Stereotypes can be insidious little devices formed to oppress entire races and religions. But some exist for a reason. They’re grounded, to some extent, in truth. Certain stereotypes about Hispanics — we’re loud, love to dance, etc. – crudely highlight a culture that is driven by passion. Saturday night, the Bank United Center in Coral Gables hosted an all-out party for the godfather of salsa Rubén Blades, and that same passion that people have come to associate with Spanish-speaking peoples was on display. Thank God for that.
The concert, which was really two shows in one featuring Victor Manuelle as the opener, was fun as hell and was a fitting farewell to Blades’ career in salsa.
Although the tour is titled Walking, Goodbye and Thank You, it is not the last we’ll see of the Panamanian actor, politician, and songwriter. In an interview with the Miami Herald, Blades shared a number of upcoming musical projects, including collaborations with Boca Livre from Brazil and Costa Rican group
This weekend’s celebration began a bit rocky. Despite the scheduled 8 p.m. show time, the sound check was still underway at 7:50, forcing thousands of fans to crowd the arena’s lobby and concession stands. Manuelle finally took the stage 45 minutes later armed with a 12-piece band, a sharp looking suit, and a charm that won over every heart in the audience. Manuelle, a force himself in the genre over the last 30 years, is Puerto Rican, and like many of his countrymen, he counts Blades as one of his own. In fact, with Blades’ influence across Latin America, regardless of the flags they waved at the show — Colombian, Puerto Rican, or Venezuelan — fans from across the Caribbean and South America can legitimately claim a piece of Blades and his legacy.
From the opening note, the festivities were as raucous as the crowd — the percussion section thumping in everyone’s chest, the piano soothing their souls, and the brass trio belting out hip-swinging rhythms. Every song had a video providing either lyrics or, in the case of “Si Tu Me Besas,” images of couples passionately kissing. Between the mournful trumpet solos, romantic ballads like “Tengo Ganas,” and a gentle song dedicated to the passing of his father who suffered from Alzheimer’s, Manuelle joked and told stories. He even took photos with dozens of fans, all from the stage, never halting the show's momentum.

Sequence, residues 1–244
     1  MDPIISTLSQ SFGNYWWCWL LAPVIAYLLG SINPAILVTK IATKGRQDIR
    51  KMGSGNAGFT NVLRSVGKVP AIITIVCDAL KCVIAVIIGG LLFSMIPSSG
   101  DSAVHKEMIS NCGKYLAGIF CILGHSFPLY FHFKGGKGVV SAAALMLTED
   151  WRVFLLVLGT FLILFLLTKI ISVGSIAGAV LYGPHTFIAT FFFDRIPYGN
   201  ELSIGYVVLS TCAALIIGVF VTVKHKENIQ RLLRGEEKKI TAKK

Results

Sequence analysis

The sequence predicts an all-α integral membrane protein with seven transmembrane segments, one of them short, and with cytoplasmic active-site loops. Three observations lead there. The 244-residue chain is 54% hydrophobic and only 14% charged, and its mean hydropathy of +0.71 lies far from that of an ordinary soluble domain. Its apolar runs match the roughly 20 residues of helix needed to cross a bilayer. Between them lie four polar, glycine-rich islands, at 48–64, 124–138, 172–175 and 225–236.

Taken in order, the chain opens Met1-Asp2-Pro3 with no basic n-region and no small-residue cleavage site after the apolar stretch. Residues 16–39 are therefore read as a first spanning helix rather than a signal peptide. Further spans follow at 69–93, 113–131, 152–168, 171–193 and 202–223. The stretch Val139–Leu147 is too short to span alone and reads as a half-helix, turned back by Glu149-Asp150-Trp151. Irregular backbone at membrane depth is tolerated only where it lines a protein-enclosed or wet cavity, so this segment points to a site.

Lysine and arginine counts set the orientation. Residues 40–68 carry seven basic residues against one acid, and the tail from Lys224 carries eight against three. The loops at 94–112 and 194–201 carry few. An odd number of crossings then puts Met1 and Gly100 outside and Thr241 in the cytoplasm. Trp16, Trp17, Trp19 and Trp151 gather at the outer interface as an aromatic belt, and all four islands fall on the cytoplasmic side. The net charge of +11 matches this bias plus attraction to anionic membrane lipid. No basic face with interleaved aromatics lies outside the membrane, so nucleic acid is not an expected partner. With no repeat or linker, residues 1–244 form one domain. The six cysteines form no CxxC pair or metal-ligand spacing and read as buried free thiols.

As a way to honor those that came before him and to truly win over the mostly middle-aged crowd, Manuelle led an arenawide karaoke of songs dating back to the '70s. It was a perfect segue into the evening’s headliner.
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To say that Miami was good and lathered up by the time Blades took the stage is an understatement. Because it was a proper salsa concert, couples were in the aisles, in any available space really, dancing and twirling. One man damn near tumbled down the stairs, he was going so hard. Meanwhile, Blades wasted no time barreling through all his hits. It was more a necessity than anything. He went on around 10:45 p.m. knowing full well there was a midnight curfew, a cutoff he fully ignored.
The show went well past midnight, and it was apparent Blades cut nothing out, including a cover of Héctor Lavoe’s “El Cantante” and his own massive hit single, “Pedro Navaja.” Throughout, the 68-year-old showed that the same passion and vitality that powered his entire life and career have hardly waned. His voice boomed across the face of the venue, his Panamanian-themed maracas an extension of his own body.
Being the salsa-singing social and political activist that he is, Blades illustrated his ability to simultaneously set off a party and then bum everyone out with his penchant for bringing up heavy subjects in songs. The atrocities of war and the ugliness of domestic violence both got equal stage time, all while the beat continued. Nevertheless, as the vibe of the late night Latin jazz settled in and swathes of rainbow colors splashed across the Bank United Center, Blades closed the evening on a high note. If this was truly his last gig in Miami, it was an outstanding "goodbye and thank you” and a testament to everything that’s ever made him a great man, both in and out of the spotlight.